Once every few decades, we are faced with a tragedy that defines a generation, a heart-wrenching event that shakes us to our very core. Such events linger ominously over our lives and make us question why God would allow such indecent and inhuman calamities. My generation has already faced such a tragedy: the disappearance of Burger King’s chicken fries.
I eat fast food. A lot. I imagine that, over the years, my arteries have developed a thin coating of crust, making them like little glazed donuts inside by body that pump blood. But future health problems aside, my fascination with the world of fast food has allowed me to become something of a connoisseur. And like any expert in fine wine or 18th Century decor, I would have difficulty describing to a layman which fast food joints I like more than others and why. Ranking fast food restaurants is a delicate and complex process, as each minute detail of the establishment would have to be taken into account, but if I had to make a list of my favorites, Chic-Fil-A would definitely be at the top and Burger King would probably occupy the bottom.
The tale of the chicken fry’s rise and fall begins with a look into Burger King’s history. For years, the folks at Burger King just didn’t have much going for them. Consider the four foremost burgers of the fast food world (the “Four Pillars of Burgerdom,” if you will.) I don’t have anything against the Whopper, but it’s just not as good as the Big Mac, Carl’s Jr.’s Famous Star, or whatever Wendy’s signature burger is called.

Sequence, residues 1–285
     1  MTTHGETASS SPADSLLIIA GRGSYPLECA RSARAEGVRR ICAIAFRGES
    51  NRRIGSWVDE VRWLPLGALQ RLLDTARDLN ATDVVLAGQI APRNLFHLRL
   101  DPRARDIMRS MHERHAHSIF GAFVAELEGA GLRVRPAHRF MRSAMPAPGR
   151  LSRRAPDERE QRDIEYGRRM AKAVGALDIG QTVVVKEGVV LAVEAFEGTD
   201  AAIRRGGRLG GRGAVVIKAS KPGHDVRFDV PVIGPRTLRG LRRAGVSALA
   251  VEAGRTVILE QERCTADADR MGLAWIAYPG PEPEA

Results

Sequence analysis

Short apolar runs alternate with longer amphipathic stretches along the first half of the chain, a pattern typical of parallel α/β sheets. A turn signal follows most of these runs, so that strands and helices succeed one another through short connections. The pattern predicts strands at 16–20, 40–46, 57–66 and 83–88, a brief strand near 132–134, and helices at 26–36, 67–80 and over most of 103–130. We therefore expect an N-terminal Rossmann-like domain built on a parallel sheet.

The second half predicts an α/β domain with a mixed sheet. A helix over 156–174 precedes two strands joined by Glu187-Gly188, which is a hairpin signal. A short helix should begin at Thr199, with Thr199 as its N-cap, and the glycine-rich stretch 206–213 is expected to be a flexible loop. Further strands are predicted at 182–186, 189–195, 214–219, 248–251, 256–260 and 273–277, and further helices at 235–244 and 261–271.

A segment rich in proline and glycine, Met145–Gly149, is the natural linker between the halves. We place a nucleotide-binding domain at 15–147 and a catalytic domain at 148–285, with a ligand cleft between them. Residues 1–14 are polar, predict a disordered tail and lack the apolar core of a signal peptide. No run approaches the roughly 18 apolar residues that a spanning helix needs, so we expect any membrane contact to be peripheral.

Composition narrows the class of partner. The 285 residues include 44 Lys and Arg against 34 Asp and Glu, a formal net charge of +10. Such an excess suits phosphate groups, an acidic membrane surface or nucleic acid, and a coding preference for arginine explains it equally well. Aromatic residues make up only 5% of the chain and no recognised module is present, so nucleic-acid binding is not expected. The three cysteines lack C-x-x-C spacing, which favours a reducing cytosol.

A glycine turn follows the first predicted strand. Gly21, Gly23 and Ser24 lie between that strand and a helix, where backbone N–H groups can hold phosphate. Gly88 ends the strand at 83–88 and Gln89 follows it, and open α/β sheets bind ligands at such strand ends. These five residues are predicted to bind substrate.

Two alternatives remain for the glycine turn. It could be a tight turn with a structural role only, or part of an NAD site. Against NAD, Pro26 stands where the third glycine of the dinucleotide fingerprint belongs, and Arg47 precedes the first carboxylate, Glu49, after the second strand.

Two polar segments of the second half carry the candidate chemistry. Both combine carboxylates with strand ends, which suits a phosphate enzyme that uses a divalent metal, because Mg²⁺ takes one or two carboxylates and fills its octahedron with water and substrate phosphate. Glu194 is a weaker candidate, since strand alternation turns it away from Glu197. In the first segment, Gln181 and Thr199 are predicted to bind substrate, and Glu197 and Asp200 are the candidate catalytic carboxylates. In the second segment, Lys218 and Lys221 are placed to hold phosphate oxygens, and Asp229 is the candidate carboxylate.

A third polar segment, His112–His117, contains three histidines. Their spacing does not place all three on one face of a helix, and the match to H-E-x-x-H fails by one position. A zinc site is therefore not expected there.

The same goes for the fries. McDonald’s has the best fries (This statement is not up for debate. It is fact.) and the Burger King fry, while tasty, will always live in the McDonald’s fry’s salty shadow. From chicken nuggets to fish sandwiches to ice cream-related edibles, Burger King was always a step behind its competitors. It was a dark age for the monarch of burgers and all throughout the drivethru line there was weeping and gnashing of teeth.
But then came that glorious day. Like a holy cherubim descending from the heavens, the harbingers of deliciousness known as the chicken fries descended upon Burger King. Though they contained chicken, these were no mere nuggets or patties. They were filled with a mysterious, magical blend of spices and fried to cylindrical perfection. Biting into a chicken fry was like eating a unicorn sprinkled with fairy dust and dipped in ranch dressing.
I started going out of my way to visit Burger King, even choosing the king of burgers over its fast food counterparts. And I always ordered the chicken fries. Everything else on the menu just seemed beside the point. It was a happy, innocent time when all seemed right with the world.
And then, just like that, they were gone. I went into Burger King one day, asked for my beloved chicken fries, and was told by an apologetic employee: “Sorry. We don’t have those anymore.” Those words pierced my very soul. The sacred fries of chicken had been snatched from my hands like so many hopes and dreams. And so darkness has come once again to the realm of the Burger King. There is no more laughter or joy, just mediocre hamburgers with too much mayonnaise.
And so, once a year, I pause in a moment of silence for Burger King’s chicken fries. I may never taste them again, but I will always feel them. In my heart. Especially in a few years when I have to go in for a triple bypass.